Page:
But it was not on Colbert to solve that particular problem, and all things considered, he was a fine host. The broadcast as a whole was generally energetic, and Colbert expertly bridged the gap between edgy, in-the-know comedian and warm, keep-it-moving host. It’s incredibly tough to have jokes land in the room, for the industry crowd, and also work with home viewers, but Colbert, as is his wont, made his job look easy.

And despite my moments of mild irritation that so many fine actresses in the comedy arena will be shut out until “Veep” is over for good, damn it if the Emmys didn’t win me over with so many deserved wins.

It was meaningful that Anthony Hopkins — a fine thespian — did not win for “Westworld.” The TV academy’s tendency to reward film stars — especially if they’re British — was bypassed, for once. It was thrilling to see Sterling K. Brown win — and it was a bit maddening when the band played him off early. It was incredibly lovely to see Moss, who was so great in “Mad Men,” carry off a best-actress statue for her starring role in “Handmaid’s Tale.” A lot of strange things have happened in 2017, but to see Moss share a stage with Margaret Atwood at a glitzy awards show was utterly surreal — in a good way. 

Thank all of the TV gods for Ann Dowd. It’s wonderful that Dowd got a very public thanks for all her great work — on “Handmaid’s Tale” and through a career spanning decades. Her Emmy win also provided the ceremony with a dose of heartfelt emotion at its midpoint, when it needed it most. With raw emotion, Dowd got out her thanks, and added, “That this should happen now — I don’t have the words.”

It was indeed heartening to see a string of wins for “Big Little Lies,” a story that put women front and center (they were mostly wealthy women in a series written by a man, but this was HBO, after all). It was delightful to see “Atlanta” continue its winning streak. It was sweet and wonderful when Ahmed paid tribute to one of its executive producers, James Gandolfini. When Cicely Tyson came out, you could feel a ripple of electricity go through the crowd. Same with Norman Lear and Carol Burnett. They were royalty, as was Oprah Winfrey, to whom so many paid homage throughout the show.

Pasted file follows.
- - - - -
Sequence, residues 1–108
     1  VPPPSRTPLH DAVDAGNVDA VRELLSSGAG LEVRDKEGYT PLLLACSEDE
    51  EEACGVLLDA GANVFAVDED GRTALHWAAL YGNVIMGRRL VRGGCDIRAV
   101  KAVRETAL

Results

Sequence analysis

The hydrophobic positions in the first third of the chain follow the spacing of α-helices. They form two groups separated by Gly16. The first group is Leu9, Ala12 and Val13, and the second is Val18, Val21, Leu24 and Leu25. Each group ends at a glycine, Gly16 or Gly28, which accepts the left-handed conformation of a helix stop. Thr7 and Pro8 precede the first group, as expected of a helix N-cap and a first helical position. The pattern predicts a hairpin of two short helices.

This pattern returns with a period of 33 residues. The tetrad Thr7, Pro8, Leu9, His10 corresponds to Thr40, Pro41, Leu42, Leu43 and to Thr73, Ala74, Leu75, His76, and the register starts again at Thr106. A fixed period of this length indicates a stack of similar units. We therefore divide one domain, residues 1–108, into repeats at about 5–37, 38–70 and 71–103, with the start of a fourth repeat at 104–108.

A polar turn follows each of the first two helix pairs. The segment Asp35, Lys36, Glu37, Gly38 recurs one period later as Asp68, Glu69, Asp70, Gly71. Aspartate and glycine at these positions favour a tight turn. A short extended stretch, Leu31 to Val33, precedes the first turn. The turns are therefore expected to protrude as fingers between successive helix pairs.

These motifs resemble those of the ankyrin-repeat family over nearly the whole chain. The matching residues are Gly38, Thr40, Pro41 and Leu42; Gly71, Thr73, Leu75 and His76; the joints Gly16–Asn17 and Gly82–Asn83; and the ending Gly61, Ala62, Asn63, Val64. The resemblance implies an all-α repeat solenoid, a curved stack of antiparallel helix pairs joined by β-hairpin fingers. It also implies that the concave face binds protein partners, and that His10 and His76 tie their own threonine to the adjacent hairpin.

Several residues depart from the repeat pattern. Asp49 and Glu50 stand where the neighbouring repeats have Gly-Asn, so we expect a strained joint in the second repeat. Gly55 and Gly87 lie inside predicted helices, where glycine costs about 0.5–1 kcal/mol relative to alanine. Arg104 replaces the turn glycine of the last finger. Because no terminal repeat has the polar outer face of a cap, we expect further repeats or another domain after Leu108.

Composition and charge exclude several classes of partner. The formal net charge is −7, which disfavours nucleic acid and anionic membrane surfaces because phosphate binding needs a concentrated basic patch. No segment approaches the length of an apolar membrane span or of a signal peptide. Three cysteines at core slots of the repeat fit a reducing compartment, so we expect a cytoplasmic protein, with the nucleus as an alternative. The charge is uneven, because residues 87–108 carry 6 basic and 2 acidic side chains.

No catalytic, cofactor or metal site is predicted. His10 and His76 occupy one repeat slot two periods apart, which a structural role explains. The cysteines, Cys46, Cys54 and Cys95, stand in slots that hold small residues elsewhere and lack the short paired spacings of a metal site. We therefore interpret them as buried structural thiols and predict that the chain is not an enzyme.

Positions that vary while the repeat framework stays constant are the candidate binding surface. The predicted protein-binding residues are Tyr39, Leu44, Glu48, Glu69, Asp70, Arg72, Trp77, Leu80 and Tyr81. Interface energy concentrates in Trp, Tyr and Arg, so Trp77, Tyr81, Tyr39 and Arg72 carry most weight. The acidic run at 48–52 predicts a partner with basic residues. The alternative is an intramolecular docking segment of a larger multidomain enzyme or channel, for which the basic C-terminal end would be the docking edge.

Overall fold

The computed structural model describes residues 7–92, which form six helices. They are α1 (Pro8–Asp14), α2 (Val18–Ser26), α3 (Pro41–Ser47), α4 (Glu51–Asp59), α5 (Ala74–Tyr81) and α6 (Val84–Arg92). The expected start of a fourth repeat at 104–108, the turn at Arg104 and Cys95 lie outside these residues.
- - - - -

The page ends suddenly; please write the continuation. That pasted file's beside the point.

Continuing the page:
Damn it, these Emmys were determined to get past my defenses: Rachel Bloom, the star of “Crazy Ex-Girlfriend,” sang and danced in a little number in which the accountants were brought out to do their annual wave to the crowd. Colbert and Jeffrey Wright did a pitch-perfect “Westworld” sendup in which the Emmy host got to play a naked robot (and Titus Burgess had a cameo, for which he donned a tiny black cowboy hat). For the love of God, RuPaul did a bit in which the Emmy statue was interviewed. And it was funny! 

Donald Glover’s two acceptance speeches, for comedy acting and directing, were so heartfelt and funny and real, it was impossible not to be caught up in his honest gratitude and excitement. Glover, in accepting the directing statue, thanked “the great algorithm” that put us all here, which somehow felt right, given that a streaming player, Hulu, was put on the map Sunday night.

Alec Baldwin, who won for his “Saturday Night Live” work, got up on stage and told his fellow artists and industry types that “what we do is important.” And in a normal year, that would have probably felt pompous and more than a bit self-congratulatory.

But when Nicole Kidman talks about domestic violence, Moss wins for playing a woman resisting oppression, Waithe mentioned “reclaiming her time,” well, how could one resist any of it?

“Love will win,” Charlie Brooker said, the second time he won an Emmy for “San Junipero.” “More great roles for women, please,” Kidman said a short time later.

A declaration and an aspiration: That felt about right. You done good, Emmys.